Learn More
The p38 mitogen-activated protein kinase is a stress-activated enzyme responsible for transducing inflammatory signals and initiating apoptosis. In the Alzheimer's disease (AD) brain, increased levels of phosphorylated (active) p38 were detected relative to age-matched normal brain. Intense phospho-p38 immunoreactivity was associated with neuritic plaques,(More)
The in vitro degradation of microtubule-associated protein 2 (MAP-2) and spectrin by the calcium-dependent neutral protease calpain was studied. Five major results are reported. First, MAP-2 isolated from twice-cycled microtubules (2 X MT MAP-2) was extremely sensitive to calpain-induced hydrolysis. Even at an enzyme-to-substrate ratio (wt/wt) of 1:200, 2 X(More)
The modulation of tau phosphorylation in response to insulin was examined in human neuroblastoma SH-SY5Y cells. Insulin treatment resulted in a transient increase in tau phosphorylation followed by a decrease in tau phosphorylation that correlated directly with a sequential activation and deactivation of glycogen synthase kinase-3beta (GSK-3beta). The(More)
The polyglutamine-expanded N-terminal region of mutant huntingtin causes neurodegeneration in Huntington's disease (HD). Neuronal intranuclear and cytosolic inclusions composed of mutant huntingtin are found in brains of HD patients. Because tissue transglutaminase cross-links proteins into filamentous aggregates and polypeptide-bound glutamines are primary(More)
A principal feature of the progression of Alzheimer's disease (AD) is the appearance of aberrant phosphorylation of the microtubule-associated protein tau in the brains of affected individuals. Significant research efforts have been directed at identifying the kinases involved in this process, as well as developing pharmacological agents to inhibit these(More)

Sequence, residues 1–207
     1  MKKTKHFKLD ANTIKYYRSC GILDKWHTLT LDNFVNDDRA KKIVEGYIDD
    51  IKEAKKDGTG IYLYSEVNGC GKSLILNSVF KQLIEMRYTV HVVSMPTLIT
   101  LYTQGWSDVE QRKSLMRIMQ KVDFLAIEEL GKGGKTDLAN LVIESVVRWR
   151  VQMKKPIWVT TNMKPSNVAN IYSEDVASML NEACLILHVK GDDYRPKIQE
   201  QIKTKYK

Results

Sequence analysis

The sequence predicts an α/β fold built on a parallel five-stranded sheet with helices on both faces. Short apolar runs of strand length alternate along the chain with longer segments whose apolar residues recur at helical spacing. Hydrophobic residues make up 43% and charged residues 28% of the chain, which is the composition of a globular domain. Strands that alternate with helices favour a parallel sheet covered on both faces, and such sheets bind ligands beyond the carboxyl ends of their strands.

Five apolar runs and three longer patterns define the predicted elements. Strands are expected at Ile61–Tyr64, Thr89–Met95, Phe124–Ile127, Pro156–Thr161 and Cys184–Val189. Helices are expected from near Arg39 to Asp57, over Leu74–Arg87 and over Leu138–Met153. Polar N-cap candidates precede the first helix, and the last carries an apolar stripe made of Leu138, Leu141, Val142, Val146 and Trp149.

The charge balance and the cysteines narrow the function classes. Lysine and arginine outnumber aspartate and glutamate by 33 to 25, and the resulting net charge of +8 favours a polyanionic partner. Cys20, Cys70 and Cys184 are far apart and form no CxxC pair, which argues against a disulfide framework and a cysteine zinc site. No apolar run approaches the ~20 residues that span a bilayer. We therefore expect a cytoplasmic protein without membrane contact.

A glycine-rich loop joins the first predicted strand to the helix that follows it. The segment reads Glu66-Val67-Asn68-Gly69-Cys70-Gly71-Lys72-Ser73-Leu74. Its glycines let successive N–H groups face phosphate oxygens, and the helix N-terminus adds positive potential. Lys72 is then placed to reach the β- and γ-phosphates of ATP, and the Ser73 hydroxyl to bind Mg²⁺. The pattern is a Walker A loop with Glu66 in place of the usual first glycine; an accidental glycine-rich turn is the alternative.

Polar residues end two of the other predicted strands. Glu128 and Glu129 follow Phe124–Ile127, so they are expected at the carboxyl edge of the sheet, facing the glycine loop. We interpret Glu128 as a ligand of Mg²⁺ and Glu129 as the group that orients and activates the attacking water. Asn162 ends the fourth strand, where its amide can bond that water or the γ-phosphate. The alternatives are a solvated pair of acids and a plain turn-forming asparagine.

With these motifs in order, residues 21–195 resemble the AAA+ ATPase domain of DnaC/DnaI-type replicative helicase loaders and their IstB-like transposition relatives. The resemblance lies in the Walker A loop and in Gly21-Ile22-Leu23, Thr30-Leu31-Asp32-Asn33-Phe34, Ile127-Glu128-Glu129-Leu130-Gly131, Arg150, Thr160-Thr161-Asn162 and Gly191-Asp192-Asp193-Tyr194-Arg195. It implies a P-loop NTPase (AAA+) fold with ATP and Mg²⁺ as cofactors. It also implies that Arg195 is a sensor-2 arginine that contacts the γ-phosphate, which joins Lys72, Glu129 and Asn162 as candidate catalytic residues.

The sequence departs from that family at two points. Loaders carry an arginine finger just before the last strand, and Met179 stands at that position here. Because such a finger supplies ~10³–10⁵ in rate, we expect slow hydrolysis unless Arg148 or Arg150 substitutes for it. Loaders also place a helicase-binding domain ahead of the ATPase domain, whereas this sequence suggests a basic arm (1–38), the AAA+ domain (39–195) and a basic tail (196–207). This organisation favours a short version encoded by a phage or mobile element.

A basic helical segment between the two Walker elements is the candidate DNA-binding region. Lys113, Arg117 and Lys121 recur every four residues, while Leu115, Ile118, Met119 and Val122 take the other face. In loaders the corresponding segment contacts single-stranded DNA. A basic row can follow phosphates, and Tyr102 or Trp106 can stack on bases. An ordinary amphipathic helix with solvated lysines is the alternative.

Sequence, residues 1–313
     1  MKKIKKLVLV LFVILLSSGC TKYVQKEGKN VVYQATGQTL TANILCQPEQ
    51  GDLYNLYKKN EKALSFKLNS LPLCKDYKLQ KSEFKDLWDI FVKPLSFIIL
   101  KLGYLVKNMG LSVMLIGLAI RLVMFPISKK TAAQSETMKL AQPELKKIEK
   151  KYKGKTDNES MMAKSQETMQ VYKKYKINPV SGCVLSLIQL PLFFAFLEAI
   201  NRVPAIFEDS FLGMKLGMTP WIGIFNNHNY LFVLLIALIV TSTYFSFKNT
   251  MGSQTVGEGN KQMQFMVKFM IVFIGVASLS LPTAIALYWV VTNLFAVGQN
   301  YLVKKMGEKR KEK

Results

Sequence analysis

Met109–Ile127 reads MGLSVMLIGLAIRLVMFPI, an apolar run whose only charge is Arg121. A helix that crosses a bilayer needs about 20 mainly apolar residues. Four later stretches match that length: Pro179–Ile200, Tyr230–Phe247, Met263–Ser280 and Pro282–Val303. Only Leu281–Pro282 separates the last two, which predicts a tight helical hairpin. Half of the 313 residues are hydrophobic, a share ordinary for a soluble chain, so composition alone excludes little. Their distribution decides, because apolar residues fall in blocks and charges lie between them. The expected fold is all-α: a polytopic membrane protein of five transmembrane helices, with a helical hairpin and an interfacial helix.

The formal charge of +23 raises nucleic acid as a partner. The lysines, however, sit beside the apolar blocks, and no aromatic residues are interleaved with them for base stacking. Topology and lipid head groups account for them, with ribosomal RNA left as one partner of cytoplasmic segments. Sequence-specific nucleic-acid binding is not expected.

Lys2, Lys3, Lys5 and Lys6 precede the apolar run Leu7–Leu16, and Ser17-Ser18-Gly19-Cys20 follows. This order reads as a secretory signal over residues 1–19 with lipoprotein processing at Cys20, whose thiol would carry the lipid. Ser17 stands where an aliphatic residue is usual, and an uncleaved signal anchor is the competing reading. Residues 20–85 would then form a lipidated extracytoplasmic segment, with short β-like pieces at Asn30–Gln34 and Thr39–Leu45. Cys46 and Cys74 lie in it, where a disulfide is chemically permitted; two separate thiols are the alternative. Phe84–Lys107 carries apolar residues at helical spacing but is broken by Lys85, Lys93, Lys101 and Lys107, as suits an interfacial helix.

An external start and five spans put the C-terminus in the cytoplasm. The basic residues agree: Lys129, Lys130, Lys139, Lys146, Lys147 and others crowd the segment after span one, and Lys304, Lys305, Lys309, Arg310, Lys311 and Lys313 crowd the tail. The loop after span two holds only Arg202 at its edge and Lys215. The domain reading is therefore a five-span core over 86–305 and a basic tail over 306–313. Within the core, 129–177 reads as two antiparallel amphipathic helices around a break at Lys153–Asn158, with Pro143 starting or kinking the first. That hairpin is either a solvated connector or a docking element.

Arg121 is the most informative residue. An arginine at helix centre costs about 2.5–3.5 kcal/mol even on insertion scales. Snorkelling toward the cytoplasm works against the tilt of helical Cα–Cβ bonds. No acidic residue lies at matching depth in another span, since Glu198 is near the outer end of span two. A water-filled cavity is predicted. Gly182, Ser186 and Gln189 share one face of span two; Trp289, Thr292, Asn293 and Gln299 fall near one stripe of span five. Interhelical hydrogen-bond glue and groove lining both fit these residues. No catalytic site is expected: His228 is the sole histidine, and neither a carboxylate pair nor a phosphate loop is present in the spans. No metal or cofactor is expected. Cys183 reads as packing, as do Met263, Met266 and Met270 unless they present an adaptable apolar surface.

Paired helical filaments (PHFs) are the major structural elements of Alzheimer's disease neurofibrillary lesions, and these filaments are formed from hyperphosphorylated brain tau known as PHF-tau. Recent studies showed that many previously identified phosphorylated residues in PHF-tau also are phosphate acceptor sites in fetal and rapidly processed adult(More)
There is significant evidence that energy production impairment and mitochondrial dysfunction play a role in the pathogenesis of Huntington disease. Nonetheless, the specific mitochondrial defects due to the presence of mutant huntingtin have not been fully elucidated. To determine the effects of mutant huntingtin on mitochondrial energy production, a(More)
Microtubule associated protein 2 (MAP-2) historically has been perceived primarily as a static, structural protein, necessary along with other cytoskeletal proteins to maintain neuroarchitecture but somewhat removed from the "mainstream" of neuronal response mechanisms. Quite to the contrary, MAP-2 is exquisitely sensitive to many inputs and recent(More)
Tissue transglutaminase is a normal constituent of the central and peripheral nervous systems and in rats transglutaminase activity in brain and spinal cord is highest during fetal stages when axonal outgrowth is occurring. Further, treatment of human neuroblastoma SH-SY5Y cells with retinoic acid results in the cells withdrawing from the cell cycle and(More)
The microtubule-associated protein tau plays a central role in the pathogenesis of Alzheimer disease (AD) and abnormally accumulates as neurofibrillary tangles; therefore, the pathways by which tau is degraded have been examined extensively. In AD brain tau is abnormally truncated at Asp(421) (tauDeltaC), which increases its fibrillogenic properties and(More)